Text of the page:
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JAG1

What's better for fuel mileage..... cool fuel? or hot fuel?

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I don't know the answer to this one. I am hoping that all the fuel coolers sold do give better mileage as they claim.I know the vp can get too hot under loads, heavy towing and so on, esp. on hot days in which cooler fuel helps in that case.Anyhow, ever notice how hot the fuel filter housing gets from being mounted on the intake manifold? Put your hand on it after a run. It's supposed to be getting too hot anyways, acting like a fuel heater most all the time.First off I need to give credit for this information from another forum when this discussion was going on. Someone got the bright idea to make a plastic piece that isolates the fuel cannister from the engine heat. I did this with a piece of phenolic resin, about a one inch offset so it no longer sits on the manifold.Hopefully someone else can find this helpful however much this little mod does actually help...... I really don't know:shrug:. But it made me feel better anyhow with accomplishing one more step toward a cooler running vp.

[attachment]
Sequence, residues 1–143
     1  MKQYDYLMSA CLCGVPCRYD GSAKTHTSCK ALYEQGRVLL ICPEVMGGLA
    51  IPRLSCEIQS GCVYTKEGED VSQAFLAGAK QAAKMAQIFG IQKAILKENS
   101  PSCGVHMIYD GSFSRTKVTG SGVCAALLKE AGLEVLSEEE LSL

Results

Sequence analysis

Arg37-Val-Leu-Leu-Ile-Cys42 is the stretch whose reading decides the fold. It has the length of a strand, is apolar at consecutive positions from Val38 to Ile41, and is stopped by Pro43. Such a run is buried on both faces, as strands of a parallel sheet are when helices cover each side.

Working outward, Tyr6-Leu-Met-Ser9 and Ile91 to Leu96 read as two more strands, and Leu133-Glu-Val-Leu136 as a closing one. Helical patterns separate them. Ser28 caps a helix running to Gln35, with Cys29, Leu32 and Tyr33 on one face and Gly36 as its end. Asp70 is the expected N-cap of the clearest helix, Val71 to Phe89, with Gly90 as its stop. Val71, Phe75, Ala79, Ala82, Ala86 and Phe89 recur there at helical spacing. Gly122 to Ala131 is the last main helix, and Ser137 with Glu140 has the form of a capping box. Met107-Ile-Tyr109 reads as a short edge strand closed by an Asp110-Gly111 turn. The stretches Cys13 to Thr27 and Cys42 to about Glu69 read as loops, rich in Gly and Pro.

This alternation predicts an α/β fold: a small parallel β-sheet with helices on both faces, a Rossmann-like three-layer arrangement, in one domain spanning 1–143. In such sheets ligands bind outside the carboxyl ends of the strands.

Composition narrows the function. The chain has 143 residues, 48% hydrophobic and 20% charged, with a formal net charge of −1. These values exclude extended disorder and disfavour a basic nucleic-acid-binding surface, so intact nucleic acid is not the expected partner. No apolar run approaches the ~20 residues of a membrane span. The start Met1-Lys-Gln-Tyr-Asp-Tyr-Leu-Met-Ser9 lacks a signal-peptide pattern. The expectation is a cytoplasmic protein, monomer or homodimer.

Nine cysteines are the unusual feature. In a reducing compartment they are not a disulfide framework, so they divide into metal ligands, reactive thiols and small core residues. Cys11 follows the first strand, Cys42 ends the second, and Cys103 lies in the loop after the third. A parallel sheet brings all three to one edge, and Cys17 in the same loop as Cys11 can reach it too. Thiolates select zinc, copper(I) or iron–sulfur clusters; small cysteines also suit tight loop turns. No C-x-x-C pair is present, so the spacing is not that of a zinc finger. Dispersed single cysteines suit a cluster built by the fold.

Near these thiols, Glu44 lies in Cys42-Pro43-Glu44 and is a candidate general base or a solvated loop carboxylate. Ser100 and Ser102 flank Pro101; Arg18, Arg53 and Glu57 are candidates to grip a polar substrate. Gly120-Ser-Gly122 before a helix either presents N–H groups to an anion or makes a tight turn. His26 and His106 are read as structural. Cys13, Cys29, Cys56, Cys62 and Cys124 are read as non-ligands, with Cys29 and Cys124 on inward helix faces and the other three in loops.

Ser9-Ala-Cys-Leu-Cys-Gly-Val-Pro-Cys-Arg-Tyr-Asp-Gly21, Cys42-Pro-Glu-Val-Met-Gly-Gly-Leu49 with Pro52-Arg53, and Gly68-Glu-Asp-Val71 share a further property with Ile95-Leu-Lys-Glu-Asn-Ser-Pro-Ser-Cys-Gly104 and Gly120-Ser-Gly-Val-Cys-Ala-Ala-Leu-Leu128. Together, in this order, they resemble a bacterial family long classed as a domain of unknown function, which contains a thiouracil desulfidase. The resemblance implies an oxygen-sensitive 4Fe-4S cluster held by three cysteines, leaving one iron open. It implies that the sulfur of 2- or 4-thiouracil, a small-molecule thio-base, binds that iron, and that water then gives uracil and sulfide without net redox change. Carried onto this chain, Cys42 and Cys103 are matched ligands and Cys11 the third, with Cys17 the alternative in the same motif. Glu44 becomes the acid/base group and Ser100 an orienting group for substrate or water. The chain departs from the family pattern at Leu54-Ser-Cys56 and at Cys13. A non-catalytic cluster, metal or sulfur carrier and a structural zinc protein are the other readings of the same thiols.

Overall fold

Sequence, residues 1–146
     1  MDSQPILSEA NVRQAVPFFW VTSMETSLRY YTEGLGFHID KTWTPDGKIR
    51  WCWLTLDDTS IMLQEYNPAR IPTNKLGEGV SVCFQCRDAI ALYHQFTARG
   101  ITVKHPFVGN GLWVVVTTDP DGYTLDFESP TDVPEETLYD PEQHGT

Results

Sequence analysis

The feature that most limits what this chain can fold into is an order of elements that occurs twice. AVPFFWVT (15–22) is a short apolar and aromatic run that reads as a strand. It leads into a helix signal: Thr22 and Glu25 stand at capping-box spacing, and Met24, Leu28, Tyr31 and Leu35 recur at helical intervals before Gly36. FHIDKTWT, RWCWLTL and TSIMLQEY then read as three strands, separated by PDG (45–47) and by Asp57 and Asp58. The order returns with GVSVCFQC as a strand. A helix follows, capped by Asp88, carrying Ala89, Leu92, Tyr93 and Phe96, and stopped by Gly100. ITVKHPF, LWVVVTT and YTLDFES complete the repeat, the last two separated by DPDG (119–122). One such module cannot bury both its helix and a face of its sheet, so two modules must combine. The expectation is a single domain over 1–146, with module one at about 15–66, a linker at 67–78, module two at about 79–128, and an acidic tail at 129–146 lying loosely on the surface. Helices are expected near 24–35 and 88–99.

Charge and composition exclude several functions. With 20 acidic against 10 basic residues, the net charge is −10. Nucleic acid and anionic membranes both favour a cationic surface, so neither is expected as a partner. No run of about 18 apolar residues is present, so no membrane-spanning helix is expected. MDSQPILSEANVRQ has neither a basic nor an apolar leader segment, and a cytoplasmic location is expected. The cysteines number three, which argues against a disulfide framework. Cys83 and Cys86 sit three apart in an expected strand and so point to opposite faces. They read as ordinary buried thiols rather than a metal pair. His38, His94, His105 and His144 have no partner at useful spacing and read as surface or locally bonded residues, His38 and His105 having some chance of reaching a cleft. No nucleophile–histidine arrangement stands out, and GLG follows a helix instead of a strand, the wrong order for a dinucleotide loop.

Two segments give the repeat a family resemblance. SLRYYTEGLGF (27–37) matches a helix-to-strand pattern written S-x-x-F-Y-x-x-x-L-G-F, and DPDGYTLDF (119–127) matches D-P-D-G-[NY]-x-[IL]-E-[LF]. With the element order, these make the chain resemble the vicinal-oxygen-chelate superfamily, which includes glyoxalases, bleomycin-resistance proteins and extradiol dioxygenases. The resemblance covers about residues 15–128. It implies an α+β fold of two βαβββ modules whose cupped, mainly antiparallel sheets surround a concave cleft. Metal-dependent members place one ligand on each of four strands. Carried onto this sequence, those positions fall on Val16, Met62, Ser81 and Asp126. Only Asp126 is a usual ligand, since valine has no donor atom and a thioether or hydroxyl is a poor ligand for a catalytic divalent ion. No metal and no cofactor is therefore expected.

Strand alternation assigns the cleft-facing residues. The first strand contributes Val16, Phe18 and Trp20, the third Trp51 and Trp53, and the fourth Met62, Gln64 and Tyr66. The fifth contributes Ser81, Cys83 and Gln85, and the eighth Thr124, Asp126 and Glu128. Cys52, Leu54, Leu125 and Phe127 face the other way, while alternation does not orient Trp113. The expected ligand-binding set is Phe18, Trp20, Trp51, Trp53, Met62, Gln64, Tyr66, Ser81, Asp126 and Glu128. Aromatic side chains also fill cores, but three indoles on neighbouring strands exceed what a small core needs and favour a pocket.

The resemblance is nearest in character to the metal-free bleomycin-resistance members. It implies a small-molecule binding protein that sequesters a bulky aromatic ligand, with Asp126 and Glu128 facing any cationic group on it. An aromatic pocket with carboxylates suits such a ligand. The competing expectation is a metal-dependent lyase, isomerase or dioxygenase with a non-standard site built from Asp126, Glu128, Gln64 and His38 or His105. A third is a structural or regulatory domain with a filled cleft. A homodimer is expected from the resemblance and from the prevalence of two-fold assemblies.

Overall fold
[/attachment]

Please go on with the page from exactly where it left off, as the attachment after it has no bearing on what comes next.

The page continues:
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There is a balance to fuel temperature. You want it warm enough to make it thin anf easy pumping but also cool enough to take away heat from the electronics. The typical fuel temperatures I've been hearing is right around 120*F. I know that with the cold temps I get out here in Idaho the fuel thickens up and it hard to pump. Why I kept my stock fuel heater and filter. This way I can pull the heat from the manifold and heat the fuel up to get it thinned out again. Like my last trip to Ontario, OR I left New Meadows, ID at 5*F above and came home in 15*F above for evening temp.